Asian youth discuss poverty & peace in Hiroshima
22 September 2004

Hiroshima: Young leaders from some 30 Asia and Pacific countries are gathering for a three-day regional youth summit to discuss how they can work together to tackle urgent challenges facing their region, including poverty, HIV/AIDS and environmental degradation.

The Pan-Asian Youth Leadership Summit is bringing together young parliamentarians, entrepreneurs, academics, civil servants, television and film personalities, representatives of non-governmental organizations and youth groups, activists and development specialists with proven leadership skills who are making a difference in their communities.

The Summit is organized by the United Nations Nations Development Programme (UNDP), United Nations Millennium Campaign and Global Peace Initiative of Women in consultation with the United Nations Programme on Youth.

With the theme "Mobilizing the Next Generation for Achieving the Millennium Development Goals", the conference provides a platform for delegates to share ideas and develop and lead projects in their region aimed at achieving the Goals, eight global targets, including cutting poverty and hunger in half, stemming the spread of HIV/AIDS and ensuring that all girls and boys attend primary school, all by 2015.

"This summit is taking place at an important time for Asia, home to 60 percent of the world’s population and 60 percent of its young people," said, Masaru Todoroki, Deputy Director of UNDP’s Regional Bureau for Asia. "While some countries in the region are making significant progress towards achieving the Goals, in areas like life expectancy and literacy, HIV/AIDS and other emerging challenges coupled with persistent problems such as gender inequality threaten to reverse the hard-fought development gains of recent years."

Extreme poverty remains a major challenge in the region which is home to 66 percent of the world’s poorest people.

The second in a series of regional youth gatherings, the Hiroshima meeting follows the Pan-African Youth Leadership Summit during which some 150 young leaders from across Africa met in Dakar, Senegal in June. They signed on as Millennium Development Goal Advocates and promised to use their networks and energies to help their countries fight poverty and push back HIV/AIDS. The plan of action they crafted was presented to more than 40 African Heads of State during the July African Union Summit in Addis Ababa, Ethiopia. A Pan-American Youth Leadership Summit for Latin America and the Caribbean is being planned for early 2005 in Rio de Janeiro, Brazil. The Hiroshima Summit kicks off Asia Pacific 2015 a campaign spearheaded by UNDP to boost on-going efforts to achieve the Goals in the region.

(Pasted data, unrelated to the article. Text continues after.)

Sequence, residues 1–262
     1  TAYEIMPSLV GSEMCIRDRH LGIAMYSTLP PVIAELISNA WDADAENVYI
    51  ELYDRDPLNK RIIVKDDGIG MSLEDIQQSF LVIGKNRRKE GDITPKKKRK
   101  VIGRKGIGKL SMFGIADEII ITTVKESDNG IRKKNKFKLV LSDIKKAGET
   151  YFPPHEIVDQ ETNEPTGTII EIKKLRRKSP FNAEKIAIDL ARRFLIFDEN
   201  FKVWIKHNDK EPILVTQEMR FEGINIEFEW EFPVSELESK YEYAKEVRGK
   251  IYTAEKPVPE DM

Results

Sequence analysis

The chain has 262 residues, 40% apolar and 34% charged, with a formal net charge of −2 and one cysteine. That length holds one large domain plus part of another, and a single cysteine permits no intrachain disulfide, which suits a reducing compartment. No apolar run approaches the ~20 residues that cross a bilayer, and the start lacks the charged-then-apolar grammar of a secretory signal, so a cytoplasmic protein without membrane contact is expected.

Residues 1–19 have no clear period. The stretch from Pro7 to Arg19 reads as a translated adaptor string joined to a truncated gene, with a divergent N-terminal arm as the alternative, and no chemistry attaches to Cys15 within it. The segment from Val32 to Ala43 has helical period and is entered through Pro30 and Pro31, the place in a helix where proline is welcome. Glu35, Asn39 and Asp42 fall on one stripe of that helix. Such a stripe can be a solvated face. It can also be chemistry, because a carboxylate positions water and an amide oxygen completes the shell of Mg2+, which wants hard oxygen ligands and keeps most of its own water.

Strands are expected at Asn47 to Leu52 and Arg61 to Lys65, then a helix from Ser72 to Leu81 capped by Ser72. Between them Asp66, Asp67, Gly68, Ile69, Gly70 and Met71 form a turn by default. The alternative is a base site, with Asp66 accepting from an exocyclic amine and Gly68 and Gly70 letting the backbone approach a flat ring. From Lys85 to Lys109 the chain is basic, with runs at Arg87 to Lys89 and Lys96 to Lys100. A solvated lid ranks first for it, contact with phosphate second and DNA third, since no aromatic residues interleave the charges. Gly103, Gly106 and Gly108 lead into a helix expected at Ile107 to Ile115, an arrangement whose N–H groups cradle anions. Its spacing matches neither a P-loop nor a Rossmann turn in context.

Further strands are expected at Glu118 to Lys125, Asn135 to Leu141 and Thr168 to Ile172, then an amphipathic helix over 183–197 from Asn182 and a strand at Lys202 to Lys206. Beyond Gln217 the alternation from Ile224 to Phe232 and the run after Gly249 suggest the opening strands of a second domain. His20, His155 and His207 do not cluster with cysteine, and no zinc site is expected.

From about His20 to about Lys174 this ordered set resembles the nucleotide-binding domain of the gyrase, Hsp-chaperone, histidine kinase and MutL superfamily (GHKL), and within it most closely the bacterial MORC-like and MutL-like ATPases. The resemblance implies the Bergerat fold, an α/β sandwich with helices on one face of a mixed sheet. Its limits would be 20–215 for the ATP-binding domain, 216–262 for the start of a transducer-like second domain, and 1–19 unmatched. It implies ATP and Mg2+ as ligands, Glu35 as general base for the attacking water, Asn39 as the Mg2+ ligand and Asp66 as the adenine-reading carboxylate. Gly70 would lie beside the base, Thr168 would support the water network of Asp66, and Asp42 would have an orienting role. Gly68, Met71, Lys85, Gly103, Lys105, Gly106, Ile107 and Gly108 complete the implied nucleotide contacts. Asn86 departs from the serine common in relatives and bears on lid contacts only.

"There is an increasing appreciation within the international community of the important place that youth hold in the future of the planet," said Djibril Diallo, Director of UNDP’s Communications Office of the Administrator. "The Hiroshima Summit is offering the next generation of Asian leaders -- those who will be at the forefront of government, business and many other important sectors in just a few years -- an opportunity to say with a collective voice and through a structure that they will design, how they intend to help their communities and their countries achieve the Goals."

Against this backdrop, Summit delegates will discuss a wide range of topics relevant for Asia and Pacific countries, including the connection between gender equality and HIV/AIDS, the impact of urbanization and deforestation, how to leverage sports and culture to achieve the Goals and literacy and education, especially for women and girls. During the Summit, participants will not only have an opportunity to debate and exchange ideas, they will also develop their own plan of action and establish a permanent network designed to monitor progress and shape future activities. Their discussions will include contributions from selected participants from the Dakar Summit. A highlight of the meeting will be a walk for peace at Hiroshima Square, a global symbol of rebirth after the horrors of war.

For more information, please contact:
In Hiroshima: Cassandra Waldon, cell: (81-80) 55-192-631; Tooraj Akbarlou, cell: (81-90) 3997-1767; in Tokyo: Akiko Fujii, tel: (81-35) 4674751; in Bangkok:Cherie Hart, tel: (662) 288-2133; in New York, Trygve Olfarnes, tel: (1-212) 906-6606

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